Scott got right back on the elevator to check out the top floors while David and I joined the measured procession to the next elevator. I wouldn’t go as far as to call it slow. We were both asked to keep it moving once when we dawdled too long taking photos at the entrance. This elevator, delving into the concourse area, surrounds you in glass so that you can see the history galleries you are delving toward, while a display of the year counts down from the present to the 15th century. (Pro tip: while there is a line to get to the elevator – the staff works very hard to convey that everyone should feel free to roam throughout all galleries at your leisure once in the exhibit space. Many people, myself included, at first attempted to continue the shuffling line we had formed upstairs.)
Upon exiting the elevator, the violence and utter cruelty of slavery hits you like a ton of bricks — or more accurately like a ton of sugar, which drove much of the early forced migration and death inflicted upon what added up to 12.5 million enslaved African people by the 1800s. There is no whitewashing of history here.
More often there is purposeful juxtaposition, such as the larger than life preamble to the declaration of independence, just outside of the hallways focused on slavery. As you ascend each concourse, the exhibits switch eras, moods, look and feel. You move seamlessly through it all, from the Black Regiment in the Revolutionary War, to lunch counters and segregated train cars, to Black soldiers in Vietnam… the Tuskegee Syphilis Experiment, the lynching of Emmett Till, the Poor People’s Campaign…. To Black is Beautiful and Black Power.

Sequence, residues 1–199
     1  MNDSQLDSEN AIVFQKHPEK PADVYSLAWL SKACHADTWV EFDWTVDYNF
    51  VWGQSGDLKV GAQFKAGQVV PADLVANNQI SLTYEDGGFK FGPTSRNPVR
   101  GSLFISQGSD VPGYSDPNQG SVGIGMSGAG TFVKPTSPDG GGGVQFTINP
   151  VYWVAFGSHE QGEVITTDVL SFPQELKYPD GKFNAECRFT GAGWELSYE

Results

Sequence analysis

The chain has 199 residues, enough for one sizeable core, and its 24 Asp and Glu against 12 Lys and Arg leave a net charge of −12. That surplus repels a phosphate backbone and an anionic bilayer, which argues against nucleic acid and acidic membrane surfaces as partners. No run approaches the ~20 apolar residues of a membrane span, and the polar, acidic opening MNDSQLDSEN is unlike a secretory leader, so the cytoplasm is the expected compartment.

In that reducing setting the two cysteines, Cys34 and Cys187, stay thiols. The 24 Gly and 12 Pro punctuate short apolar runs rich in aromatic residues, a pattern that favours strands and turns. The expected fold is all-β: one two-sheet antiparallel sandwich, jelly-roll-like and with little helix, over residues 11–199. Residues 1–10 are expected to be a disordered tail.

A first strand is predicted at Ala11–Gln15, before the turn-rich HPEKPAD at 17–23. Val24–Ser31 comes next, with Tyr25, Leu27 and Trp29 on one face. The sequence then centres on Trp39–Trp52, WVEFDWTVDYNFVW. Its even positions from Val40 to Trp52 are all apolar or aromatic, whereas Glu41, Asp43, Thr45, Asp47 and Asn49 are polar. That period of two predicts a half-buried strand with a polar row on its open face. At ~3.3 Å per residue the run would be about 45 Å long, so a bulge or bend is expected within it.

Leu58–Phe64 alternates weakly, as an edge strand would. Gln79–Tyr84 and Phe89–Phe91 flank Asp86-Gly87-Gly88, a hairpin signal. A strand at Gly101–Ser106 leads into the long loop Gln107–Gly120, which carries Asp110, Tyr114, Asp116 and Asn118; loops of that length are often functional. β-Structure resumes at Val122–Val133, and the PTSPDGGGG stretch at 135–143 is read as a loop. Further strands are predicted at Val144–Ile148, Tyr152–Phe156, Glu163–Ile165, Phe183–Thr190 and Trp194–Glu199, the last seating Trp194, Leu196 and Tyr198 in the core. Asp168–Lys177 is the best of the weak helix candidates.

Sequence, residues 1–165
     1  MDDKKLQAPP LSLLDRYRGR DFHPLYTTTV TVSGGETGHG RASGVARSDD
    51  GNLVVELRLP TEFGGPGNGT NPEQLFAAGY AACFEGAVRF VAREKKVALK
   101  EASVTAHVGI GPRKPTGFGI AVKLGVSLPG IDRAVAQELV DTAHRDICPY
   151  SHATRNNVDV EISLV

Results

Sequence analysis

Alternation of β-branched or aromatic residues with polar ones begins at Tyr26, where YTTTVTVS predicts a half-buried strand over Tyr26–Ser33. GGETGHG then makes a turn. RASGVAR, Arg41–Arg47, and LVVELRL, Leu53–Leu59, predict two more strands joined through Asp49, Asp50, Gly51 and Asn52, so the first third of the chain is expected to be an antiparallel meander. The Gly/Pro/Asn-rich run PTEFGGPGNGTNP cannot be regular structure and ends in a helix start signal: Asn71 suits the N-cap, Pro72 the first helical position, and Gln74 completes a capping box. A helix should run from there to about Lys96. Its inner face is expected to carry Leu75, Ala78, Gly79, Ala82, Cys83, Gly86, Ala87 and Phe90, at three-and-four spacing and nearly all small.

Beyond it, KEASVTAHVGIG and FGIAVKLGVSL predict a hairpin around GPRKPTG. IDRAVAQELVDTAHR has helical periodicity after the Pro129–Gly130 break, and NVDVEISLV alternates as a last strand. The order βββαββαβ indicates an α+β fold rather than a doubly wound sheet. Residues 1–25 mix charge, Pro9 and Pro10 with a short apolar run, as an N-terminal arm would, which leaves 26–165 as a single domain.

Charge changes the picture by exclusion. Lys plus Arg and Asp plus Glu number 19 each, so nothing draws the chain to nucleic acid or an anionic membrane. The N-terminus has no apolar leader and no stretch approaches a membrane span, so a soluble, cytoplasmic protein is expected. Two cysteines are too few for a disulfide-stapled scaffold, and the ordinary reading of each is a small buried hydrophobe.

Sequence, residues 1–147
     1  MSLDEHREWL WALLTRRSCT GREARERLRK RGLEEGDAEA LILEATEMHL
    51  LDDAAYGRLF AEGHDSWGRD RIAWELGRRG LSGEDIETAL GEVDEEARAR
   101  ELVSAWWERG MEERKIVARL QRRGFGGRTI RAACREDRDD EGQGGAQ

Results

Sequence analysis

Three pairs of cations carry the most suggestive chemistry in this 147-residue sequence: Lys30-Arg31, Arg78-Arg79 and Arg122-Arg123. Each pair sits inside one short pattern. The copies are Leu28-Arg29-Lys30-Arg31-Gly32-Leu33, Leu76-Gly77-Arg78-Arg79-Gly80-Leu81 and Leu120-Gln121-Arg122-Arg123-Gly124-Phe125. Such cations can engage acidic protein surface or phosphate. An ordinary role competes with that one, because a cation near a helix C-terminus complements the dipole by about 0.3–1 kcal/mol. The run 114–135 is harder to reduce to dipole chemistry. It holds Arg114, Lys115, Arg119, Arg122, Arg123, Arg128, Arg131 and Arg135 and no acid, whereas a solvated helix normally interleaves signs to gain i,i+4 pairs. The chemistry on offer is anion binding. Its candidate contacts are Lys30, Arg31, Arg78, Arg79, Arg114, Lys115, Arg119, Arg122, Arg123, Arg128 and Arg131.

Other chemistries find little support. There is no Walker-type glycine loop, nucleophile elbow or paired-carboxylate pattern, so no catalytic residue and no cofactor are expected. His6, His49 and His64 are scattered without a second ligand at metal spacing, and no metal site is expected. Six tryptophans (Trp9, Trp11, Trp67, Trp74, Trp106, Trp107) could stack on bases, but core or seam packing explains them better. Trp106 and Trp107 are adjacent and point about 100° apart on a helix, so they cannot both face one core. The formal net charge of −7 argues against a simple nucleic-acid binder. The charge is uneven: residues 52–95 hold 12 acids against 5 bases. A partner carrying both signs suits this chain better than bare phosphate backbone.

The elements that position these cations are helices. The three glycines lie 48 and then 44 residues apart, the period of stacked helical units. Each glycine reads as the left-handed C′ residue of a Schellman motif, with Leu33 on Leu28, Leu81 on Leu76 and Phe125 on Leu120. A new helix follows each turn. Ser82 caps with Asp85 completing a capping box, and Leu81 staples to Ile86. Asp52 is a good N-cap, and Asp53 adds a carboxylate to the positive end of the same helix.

Walking through was like reading endless appendices for James Loewen’s “Lies My Teacher Told Me.” People and events that might get a paragraph, single page or nothing at all in a common grade school textbook are brought to life through physical objects, dynamically displayed quotes, audio, video, photos, interactive screens and more – all intuitively guided by dramatic lighting.
A moment that defined the museum’s meaning for me was when David and I observed a mother privately directing one of her children through an exhibit about Frederick Douglass, Abraham Lincoln and abolition. The exhibit showed portraits of both men, with quotes from each of them on the glass and a narration in the middle about their relationship. “Read that,” she said, pointing to some of Lincoln’s achievements. “Now read that,” she’d say, pointing to Douglass. “Now go back and read that again,” she said, pointing to Lincoln. She told David that her kids always get excited when they see something about Jefferson or Lincoln and freedom. But they had no idea of the crucial role Douglass played in pushing Lincoln to stand firm on abolition, as opposed to gradually trying to phase out slavery.